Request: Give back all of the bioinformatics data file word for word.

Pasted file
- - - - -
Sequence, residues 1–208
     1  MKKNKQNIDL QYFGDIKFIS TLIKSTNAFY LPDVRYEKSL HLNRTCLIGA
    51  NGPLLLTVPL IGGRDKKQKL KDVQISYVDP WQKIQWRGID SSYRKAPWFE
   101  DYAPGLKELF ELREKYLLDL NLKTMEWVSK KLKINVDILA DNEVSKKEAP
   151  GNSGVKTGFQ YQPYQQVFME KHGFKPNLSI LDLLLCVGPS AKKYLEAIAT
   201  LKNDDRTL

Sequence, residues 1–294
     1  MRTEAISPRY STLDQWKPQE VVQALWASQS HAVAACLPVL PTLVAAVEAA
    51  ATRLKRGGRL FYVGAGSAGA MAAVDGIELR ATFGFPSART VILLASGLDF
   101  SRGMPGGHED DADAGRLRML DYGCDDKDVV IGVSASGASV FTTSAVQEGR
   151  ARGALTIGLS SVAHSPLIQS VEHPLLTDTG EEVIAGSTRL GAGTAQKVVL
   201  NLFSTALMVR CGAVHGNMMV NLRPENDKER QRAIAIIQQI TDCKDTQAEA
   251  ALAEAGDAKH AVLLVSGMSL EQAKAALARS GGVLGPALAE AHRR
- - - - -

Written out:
Sequence, residues 1–208
     1  MKKNKQNIDL QYFGDIKFIS TLIKSTNAFY LPDVRYEKSL HLNRTCLIGA
    51  NGPLLLTVPL IGGRDKKQKL KDVQISYVDP WQKIQWRGID SSYRKAPWFE
   101  DYAPGLKELF ELREKYLLDL NLKTMEWVSK KLKINVDILA DNEVSKKEAP
   151  GNSGVKTGFQ YQPYQQVFME KHGFKPNLSI LDLLLCVGPS AKKYLEAIAT
   201  LKNDDRTL

Sequence, residues 1–294
     1  MRTEAISPRY STLDQWKPQE VVQALWASQS HAVAACLPVL PTLVAAVEAA
    51  ATRLKRGGRL FYVGAGSAGA MAAVDGIELR ATFGFPSART VILLASGLDF
   101  SRGMPGGHED DADAGRLRML DYGCDDKDVV IGVSASGASV FTTSAVQEGR
   151  ARGALTIGLS SVAHSPLIQS VEHPLLTDTG EEVIAGSTRL GAGTAQKVVL
   201  NLFSTALMVR CGAVHGNMMV NLRPENDKER QRAIAIIQQI TDCKDTQAEA
   251  ALAEAGDAKH AVLLVSGMSL EQAKAALARS GGVLGPALAE AHRR